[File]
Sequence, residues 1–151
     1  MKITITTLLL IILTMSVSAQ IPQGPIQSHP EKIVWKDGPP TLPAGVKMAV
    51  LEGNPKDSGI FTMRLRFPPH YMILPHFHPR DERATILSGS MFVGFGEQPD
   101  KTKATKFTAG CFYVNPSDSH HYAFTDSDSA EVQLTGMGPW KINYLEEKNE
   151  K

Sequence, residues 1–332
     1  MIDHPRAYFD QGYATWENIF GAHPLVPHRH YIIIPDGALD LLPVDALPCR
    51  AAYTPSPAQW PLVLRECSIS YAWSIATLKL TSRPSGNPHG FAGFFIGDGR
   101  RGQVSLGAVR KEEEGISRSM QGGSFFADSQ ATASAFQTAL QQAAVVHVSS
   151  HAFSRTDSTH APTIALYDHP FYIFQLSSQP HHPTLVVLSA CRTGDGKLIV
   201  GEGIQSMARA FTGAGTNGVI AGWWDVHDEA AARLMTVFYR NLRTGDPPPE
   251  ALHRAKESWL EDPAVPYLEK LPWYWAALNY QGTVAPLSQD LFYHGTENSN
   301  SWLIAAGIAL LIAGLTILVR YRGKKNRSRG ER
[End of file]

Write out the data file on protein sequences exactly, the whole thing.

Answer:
Sequence, residues 1–151
     1  MKITITTLLL IILTMSVSAQ IPQGPIQSHP EKIVWKDGPP TLPAGVKMAV
    51  LEGNPKDSGI FTMRLRFPPH YMILPHFHPR DERATILSGS MFVGFGEQPD
   101  KTKATKFTAG CFYVNPSDSH HYAFTDSDSA EVQLTGMGPW KINYLEEKNE
   151  K

Sequence, residues 1–332
     1  MIDHPRAYFD QGYATWENIF GAHPLVPHRH YIIIPDGALD LLPVDALPCR
    51  AAYTPSPAQW PLVLRECSIS YAWSIATLKL TSRPSGNPHG FAGFFIGDGR
   101  RGQVSLGAVR KEEEGISRSM QGGSFFADSQ ATASAFQTAL QQAAVVHVSS
   151  HAFSRTDSTH APTIALYDHP FYIFQLSSQP HHPTLVVLSA CRTGDGKLIV
   201  GEGIQSMARA FTGAGTNGVI AGWWDVHDEA AARLMTVFYR NLRTGDPPPE
   251  ALHRAKESWL EDPAVPYLEK LPWYWAALNY QGTVAPLSQD LFYHGTENSN
   301  SWLIAAGIAL LIAGLTILVR YRGKKNRSRG ER